Salted Radish Preserves

15 Oct

Salted radishes are commonly found in East Asian cuisine and would normally be made with mooli, the long tapering white root also called chinese radish, but it can also be made with French breakfast radishes, white turnip, black winter radish or regular red radishes. Serve as a side pickle, as an appetiser or use as an ingredient in soups or noodle dishes such as Pad Thai

*Radishes
*Salt

Quick Salted Pickle
Simply wash (peel if necessary) and remove the top leaves. Slice the roots thinly put into a bowl and sprinkle with salt, toss with your hands to coat and leave to mature for an hour or two for a quick salted radish or 1 – 4 days for more robust flavour. It will keep well for a couple of weeks in the fridge. I haven’t experimented yet with preserving for longer as we tend to eat the salted radishes too quickly but the process would be the same as for other lactic preserves.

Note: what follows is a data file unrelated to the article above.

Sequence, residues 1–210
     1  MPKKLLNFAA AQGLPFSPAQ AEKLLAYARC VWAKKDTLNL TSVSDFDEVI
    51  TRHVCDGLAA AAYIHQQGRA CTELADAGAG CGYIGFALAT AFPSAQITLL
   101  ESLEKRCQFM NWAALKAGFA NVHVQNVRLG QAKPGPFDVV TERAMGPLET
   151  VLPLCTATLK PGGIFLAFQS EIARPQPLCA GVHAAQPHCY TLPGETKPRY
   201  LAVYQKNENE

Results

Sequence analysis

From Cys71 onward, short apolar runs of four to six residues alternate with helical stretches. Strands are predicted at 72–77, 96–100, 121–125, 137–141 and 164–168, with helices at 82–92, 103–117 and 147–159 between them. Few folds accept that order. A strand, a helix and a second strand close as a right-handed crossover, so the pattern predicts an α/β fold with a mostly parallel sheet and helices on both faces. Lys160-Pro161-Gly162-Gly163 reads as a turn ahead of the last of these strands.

Lactic Fermented
Prepare the radishes as above and on the 4th day, once the initial salting is over, pack into sterilised jars, cover with a brine solution (1 tbsp of salt per litre of spring water brought to the boil and left to cool) and seal. Store in a cool dark place and will be ready to eat in about 1 month.

Lactic Fermentation II 
Wash the radishes and slice lengthwise into chunks. Pack into a sterilised jar, weight down with a clean stone and cover with brine (2 tbsp of salt to 1 litre of spring water brought to the boil then cooled). Seal the jar and keep in a cool dark place for 1 month when it will be ready to start eating. Remove small amounts from the jar and top up with brine if necessary to keep the radishes covered.